Vail sees record early-season crowd
December 10, 2007
VAIL ” Vail Resorts reported its customary loss for its first quarter, which covers the three slow months before the ski season starts.
The Broomfield company, which runs Vail and Beaver Creek mountains, posted a loss of $24.6 million for August, September and October in its earnings report Monday.
But pass sales and hotel reservations are shaping up well for the ski season, and Vail Mountain had a record early-season number of skiers Saturday, Vail Resorts CEO Rob Katz said.
Katz also touted the real-estate revenue that’s expected over the next year from the Arrabelle at Vail Square, the complex that’s set to open in the next few weeks in Lionshead.
“The project, including its hotel, commercial and real estate components, will redefine the look and feel of one of the major portals onto Vail Mountain,” he said.
However, the town of Vail says Vail Resorts must have a plan for employee housing before the Arrabelle can open. There’s a meeting at 2 p.m. Tuesday on that subject at Vail Town Hall.
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Katz said Vail Mountain had a record number of early-season skiers on Saturday, but wouldn’t say how many people were skiing. It was the largest number of “skier days” on Vail Mountain on that date or earlier in any year, said spokeswoman Kelly Ladyga, who did say Vail did not exceed its ” limit of 19,900 skiers on the mountain at one time.
China Bowl and Blue Sky Basin opened Saturday after Vail reported 11 inches of snow on Friday. The public parking structures were full, and there were another 675 cars on the frontage road, stretching from the Cascade to the Vail Golf Club driving range, town of Vail officials said.
The good snow coincided with Snow Daze festival, which included the Roots and Ludacris on Saturday night at Ford Park.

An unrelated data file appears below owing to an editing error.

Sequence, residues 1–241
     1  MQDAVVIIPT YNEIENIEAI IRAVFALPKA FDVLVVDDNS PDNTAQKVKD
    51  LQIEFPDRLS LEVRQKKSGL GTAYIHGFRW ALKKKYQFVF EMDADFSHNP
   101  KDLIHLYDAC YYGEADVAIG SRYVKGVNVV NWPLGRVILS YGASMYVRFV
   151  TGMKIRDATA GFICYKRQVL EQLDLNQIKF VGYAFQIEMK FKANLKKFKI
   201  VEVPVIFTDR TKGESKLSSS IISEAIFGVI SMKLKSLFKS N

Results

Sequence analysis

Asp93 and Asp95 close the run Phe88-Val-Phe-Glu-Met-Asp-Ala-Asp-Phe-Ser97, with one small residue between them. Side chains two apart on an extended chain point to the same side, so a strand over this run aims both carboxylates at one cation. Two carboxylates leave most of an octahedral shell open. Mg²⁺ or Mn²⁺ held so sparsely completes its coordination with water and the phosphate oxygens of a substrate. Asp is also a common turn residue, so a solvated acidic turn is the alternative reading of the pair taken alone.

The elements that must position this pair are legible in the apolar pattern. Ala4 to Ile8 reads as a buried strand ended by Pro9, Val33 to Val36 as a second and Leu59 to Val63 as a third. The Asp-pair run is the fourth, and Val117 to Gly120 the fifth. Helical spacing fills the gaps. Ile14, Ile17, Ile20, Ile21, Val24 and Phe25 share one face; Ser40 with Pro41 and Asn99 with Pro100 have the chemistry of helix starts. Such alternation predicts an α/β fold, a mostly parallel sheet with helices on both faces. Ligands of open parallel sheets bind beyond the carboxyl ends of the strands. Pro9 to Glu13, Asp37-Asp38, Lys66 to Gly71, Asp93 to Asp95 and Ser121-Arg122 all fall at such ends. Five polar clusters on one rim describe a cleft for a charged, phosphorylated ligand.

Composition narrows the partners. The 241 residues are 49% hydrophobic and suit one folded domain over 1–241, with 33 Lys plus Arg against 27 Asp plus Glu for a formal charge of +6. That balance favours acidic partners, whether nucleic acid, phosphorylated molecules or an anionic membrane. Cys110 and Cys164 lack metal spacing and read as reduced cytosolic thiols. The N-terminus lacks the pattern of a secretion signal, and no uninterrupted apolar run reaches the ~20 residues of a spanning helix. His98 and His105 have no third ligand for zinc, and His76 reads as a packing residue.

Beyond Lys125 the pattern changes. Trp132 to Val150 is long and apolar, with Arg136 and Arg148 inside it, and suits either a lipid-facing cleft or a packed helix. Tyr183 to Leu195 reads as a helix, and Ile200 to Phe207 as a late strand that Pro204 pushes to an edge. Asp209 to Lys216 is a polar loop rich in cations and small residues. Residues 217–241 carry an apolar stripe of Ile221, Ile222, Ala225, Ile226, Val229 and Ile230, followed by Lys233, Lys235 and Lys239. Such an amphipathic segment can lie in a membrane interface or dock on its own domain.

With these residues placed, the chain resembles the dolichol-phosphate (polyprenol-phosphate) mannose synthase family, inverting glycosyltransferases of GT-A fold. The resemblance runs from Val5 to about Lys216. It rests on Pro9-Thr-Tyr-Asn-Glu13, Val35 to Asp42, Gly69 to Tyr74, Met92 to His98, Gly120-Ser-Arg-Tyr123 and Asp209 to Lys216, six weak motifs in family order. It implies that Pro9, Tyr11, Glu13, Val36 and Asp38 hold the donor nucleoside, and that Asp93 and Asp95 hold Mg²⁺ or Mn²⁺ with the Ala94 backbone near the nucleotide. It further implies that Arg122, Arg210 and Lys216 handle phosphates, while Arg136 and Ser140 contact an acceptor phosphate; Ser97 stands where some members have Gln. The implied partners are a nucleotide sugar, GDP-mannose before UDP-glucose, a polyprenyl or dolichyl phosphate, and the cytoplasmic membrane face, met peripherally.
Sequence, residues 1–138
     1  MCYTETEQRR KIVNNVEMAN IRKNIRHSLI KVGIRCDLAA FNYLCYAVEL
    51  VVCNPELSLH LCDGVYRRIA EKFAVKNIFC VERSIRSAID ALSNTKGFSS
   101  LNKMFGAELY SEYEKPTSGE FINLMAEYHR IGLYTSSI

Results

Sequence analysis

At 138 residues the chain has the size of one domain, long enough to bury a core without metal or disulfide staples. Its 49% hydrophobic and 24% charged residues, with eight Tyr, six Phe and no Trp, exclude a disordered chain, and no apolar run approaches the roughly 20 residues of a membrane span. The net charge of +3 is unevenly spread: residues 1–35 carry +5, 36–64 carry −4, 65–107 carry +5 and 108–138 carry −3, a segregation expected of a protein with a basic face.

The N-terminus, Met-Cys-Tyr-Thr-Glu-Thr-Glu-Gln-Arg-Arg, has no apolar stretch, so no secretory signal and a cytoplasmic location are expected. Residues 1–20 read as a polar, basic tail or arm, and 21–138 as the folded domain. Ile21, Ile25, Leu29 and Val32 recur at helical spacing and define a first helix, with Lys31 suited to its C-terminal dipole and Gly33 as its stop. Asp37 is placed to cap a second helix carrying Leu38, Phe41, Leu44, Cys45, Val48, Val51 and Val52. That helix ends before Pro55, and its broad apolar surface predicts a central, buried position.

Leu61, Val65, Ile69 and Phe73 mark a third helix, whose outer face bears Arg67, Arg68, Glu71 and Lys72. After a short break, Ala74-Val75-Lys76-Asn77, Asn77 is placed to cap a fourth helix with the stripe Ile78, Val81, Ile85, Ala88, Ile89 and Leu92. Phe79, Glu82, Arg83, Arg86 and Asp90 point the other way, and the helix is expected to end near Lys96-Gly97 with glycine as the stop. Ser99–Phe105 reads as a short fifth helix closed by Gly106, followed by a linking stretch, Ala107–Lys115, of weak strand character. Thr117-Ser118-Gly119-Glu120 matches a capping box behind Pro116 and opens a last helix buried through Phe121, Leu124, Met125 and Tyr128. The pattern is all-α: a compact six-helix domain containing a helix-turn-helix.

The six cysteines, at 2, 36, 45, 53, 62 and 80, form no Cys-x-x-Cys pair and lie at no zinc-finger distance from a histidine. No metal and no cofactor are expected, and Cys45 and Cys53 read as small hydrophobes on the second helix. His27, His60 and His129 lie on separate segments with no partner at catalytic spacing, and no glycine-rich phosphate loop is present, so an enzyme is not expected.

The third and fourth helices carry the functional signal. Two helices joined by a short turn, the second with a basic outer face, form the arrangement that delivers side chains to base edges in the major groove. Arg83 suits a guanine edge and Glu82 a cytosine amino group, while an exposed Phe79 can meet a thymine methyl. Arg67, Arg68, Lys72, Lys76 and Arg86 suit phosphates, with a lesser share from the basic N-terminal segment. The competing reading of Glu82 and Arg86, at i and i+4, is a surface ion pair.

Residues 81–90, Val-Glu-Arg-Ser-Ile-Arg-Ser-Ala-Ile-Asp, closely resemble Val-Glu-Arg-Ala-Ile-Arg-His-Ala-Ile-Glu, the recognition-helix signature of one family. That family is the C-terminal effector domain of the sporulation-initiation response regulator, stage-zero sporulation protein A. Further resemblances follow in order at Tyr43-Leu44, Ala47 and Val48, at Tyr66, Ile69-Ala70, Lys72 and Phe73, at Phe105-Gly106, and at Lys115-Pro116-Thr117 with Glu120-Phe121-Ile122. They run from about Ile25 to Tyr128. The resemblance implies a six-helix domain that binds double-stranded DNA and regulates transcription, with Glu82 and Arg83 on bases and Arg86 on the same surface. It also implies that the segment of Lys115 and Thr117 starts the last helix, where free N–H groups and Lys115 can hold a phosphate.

Katz said early-season-pass sales numbers are looking good. Colorado pass sales are up 10.4 percent in terms of sales dollars, he said. In terms of the number of passes sold, sales are up 0.6 percent for Colorado resorts.
Reservations at Vail Resorts’ properties and through its central reservations service are up 2.5 percent in terms of sales dollars, though they are down 6.6 percent in terms of room nights.
Katz cautioned that a nationwide economic slowdown is a concern.
“Clearly, the overall U.S. economic environment may add challenges to the year ahead,” he said.
Katz also said Vail Resorts has spent $2.3 million in legal fees trying to buy Utah’s Canyons ski resort. Vail Resorts has filed a lawsuit in attempt to buy the resort.
The 3,700-acre ski area is the biggest in Utah, and Vail Resorts has said it thinks it can make billions there in real estate. The resort was sold to a Canadian company, but Vail Resorts has challenged that sale.
The quarterly results included $11.9 million that the company got out of the settlement of a contract dispute over Cheeca Lodge in Florida.
Vail Resorts, which runs Vail, Beaver Creek, Breckenridge, Keystone and Heavenly, closed Monday at $51.10, down $2.24, on the New York Stock Exchange.